Handcrafted in the USA
I’m no Luddite. In fact, I’m a real tool junkie and part of my enjoyment in creating jewelry for my clients comes from the opportunity to work with some pretty cool tools. But for some reason I have never really embraced the idea of integrating CAD (Computer Aided Design) into most of my personal jewelry design work. I do think CAD has its place. The tiny lettering and precise logo representation inherent in corporate logo jewelry items, class rings, and other similar types of jewelry may sometimes be more well executed utilizing CAD/CAM. I used a simple type of CAD, in fact, when I made championship rings for the University of Oregon and Iowa State woman’s basketball teams in 1999 and 2000. And I still integrate CAD processes, sometimes in bits and pieces integrated into broader themes, where it is useful.
“I just wanted you to know how very much I love your work-and working with you was such a pleasure. You are not only talented & creative, but also a solid, honest, and very pleasant person!” ~ LC
That being said, I think that much of the CAD generated jewelry being designed and manufactured today…it is a very strong trend…is just not that personal in how it looks or “feels”. Also, much of that type of jewelry has been designed by someone with great computer skills, but no hands-on experience with jewelry. Because of this trend we see some aesthetically cool stuff that ultimately, just won’t hold up to the enormous wear and tear that occurs with jewelry as it is worn.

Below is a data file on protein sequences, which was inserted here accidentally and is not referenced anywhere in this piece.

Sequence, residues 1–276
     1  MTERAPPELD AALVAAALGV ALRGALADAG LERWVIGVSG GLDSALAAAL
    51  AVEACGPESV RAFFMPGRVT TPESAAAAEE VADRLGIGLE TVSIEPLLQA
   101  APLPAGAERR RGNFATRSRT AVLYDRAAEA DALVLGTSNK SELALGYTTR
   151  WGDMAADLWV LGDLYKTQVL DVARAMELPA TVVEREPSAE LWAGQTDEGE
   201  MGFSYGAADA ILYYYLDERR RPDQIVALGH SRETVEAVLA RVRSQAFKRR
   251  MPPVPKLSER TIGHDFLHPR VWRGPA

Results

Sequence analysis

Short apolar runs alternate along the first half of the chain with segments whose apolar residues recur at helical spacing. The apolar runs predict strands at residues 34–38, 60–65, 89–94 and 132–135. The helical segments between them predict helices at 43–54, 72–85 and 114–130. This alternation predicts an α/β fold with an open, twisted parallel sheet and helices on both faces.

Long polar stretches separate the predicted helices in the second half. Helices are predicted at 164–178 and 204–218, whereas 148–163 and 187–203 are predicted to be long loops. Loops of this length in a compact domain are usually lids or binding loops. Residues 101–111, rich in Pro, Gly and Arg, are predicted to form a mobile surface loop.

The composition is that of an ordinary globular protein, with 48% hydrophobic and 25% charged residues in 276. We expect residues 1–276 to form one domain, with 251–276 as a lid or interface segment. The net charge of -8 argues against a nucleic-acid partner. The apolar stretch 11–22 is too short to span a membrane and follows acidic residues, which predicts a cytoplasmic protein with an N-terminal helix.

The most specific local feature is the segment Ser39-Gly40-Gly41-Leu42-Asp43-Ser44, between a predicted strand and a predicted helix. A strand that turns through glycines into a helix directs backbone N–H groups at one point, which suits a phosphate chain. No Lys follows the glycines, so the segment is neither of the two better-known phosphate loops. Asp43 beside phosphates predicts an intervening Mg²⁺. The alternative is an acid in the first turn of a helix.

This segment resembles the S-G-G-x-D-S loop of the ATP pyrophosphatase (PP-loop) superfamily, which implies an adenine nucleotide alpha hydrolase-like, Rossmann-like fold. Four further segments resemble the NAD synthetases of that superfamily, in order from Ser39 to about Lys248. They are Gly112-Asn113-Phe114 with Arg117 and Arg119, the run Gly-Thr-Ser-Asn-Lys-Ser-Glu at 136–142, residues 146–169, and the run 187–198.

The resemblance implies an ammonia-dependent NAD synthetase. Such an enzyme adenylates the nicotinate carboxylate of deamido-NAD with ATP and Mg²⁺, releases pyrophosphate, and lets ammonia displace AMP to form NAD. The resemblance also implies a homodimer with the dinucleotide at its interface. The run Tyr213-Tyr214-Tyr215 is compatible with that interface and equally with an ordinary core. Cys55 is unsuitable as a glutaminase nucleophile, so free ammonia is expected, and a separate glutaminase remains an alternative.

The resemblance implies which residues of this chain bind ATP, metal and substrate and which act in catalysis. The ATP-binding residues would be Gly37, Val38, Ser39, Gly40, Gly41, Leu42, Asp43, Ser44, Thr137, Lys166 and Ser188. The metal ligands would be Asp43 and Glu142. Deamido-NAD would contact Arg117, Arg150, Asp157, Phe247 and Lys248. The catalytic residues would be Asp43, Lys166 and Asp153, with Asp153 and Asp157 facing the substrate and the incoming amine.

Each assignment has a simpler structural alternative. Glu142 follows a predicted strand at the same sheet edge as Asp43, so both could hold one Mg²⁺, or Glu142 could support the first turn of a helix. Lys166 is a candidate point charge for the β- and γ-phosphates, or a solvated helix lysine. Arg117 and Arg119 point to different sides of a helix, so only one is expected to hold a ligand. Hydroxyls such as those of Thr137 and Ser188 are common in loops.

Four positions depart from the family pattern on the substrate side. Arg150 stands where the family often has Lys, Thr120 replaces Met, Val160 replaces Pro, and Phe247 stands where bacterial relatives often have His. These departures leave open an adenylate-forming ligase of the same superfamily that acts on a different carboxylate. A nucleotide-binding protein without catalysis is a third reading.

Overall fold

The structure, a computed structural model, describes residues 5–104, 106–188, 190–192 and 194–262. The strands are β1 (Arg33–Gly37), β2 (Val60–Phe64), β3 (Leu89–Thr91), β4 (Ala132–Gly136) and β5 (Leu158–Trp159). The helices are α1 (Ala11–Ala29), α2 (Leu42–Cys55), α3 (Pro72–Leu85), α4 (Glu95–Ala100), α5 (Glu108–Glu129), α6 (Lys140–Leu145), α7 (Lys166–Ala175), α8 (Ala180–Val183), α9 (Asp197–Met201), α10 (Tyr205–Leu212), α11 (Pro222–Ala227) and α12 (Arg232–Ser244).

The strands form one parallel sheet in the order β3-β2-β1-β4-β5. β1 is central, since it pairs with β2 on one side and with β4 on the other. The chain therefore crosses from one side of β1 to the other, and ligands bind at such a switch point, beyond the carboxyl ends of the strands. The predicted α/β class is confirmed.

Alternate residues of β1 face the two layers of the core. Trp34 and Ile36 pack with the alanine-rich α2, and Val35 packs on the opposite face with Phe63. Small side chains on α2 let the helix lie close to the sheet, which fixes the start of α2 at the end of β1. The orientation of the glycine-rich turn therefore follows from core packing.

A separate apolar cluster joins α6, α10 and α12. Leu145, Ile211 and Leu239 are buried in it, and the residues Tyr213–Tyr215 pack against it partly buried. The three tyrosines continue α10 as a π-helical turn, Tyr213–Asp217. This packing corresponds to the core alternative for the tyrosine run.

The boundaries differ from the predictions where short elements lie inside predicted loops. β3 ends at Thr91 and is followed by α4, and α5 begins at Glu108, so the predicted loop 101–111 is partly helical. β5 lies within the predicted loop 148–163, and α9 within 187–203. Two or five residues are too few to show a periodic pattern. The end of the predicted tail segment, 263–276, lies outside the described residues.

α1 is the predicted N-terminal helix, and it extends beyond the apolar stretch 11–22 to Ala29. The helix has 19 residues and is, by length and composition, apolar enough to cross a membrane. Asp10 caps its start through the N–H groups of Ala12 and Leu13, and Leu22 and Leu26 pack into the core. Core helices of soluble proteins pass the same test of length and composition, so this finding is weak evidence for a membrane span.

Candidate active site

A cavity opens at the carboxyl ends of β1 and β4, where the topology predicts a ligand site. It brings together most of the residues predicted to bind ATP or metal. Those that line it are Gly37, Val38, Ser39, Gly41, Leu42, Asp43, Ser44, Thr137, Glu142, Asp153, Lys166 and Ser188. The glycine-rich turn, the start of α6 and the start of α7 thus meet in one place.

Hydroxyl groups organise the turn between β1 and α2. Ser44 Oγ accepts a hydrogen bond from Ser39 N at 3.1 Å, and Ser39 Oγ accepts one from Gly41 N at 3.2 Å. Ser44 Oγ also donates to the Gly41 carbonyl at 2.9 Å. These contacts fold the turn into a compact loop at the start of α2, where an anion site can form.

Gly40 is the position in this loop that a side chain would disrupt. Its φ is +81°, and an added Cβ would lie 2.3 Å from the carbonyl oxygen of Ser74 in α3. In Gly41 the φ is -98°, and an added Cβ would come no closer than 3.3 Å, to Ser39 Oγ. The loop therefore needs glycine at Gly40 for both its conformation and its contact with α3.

Handmade jewelry, furniture, kitchenware, and (for those of us who are lucky enough to have these things in our lives,) many of the very most treasured items we own, use or encounter are handmade. These objects have a wonderful and thought-provoking feel that speaks to craftsmanship in the highest degree. And they tend to hold up to use, getting more beautiful over time while not falling apart.
One of my all-time favorite quotes speaks to this...
The following is a brief excerpt from the piece by Susan Crowell, writer, and (likely former, at this time) Ceramics instructor at U. Michigan, Ann Arbor:
"Craftsmanship is the central, qualitative element of craft, and it is at the heart of one maker's response to the work of another... and in seeking a unified theory of craft, not a unified aesthetic, we need to focus on the act of making, not the object itself."
She discusses the writing of anthropologist Ellen Dissanayake's in her book "Homo Aestheticus", who describes "ART" as the task of “making special". Susan goes on to say......."For craftspeople, this making special emphasizes both the making and the special. Reversing the terms - special making- rings even truer when speaking of craft, for which the process of handwork is an essential component. As our perception of time becomes more precious and the time-intensive nature of craft increases its value, craft may even come to represent the preciousness of time itself, embodied in an object."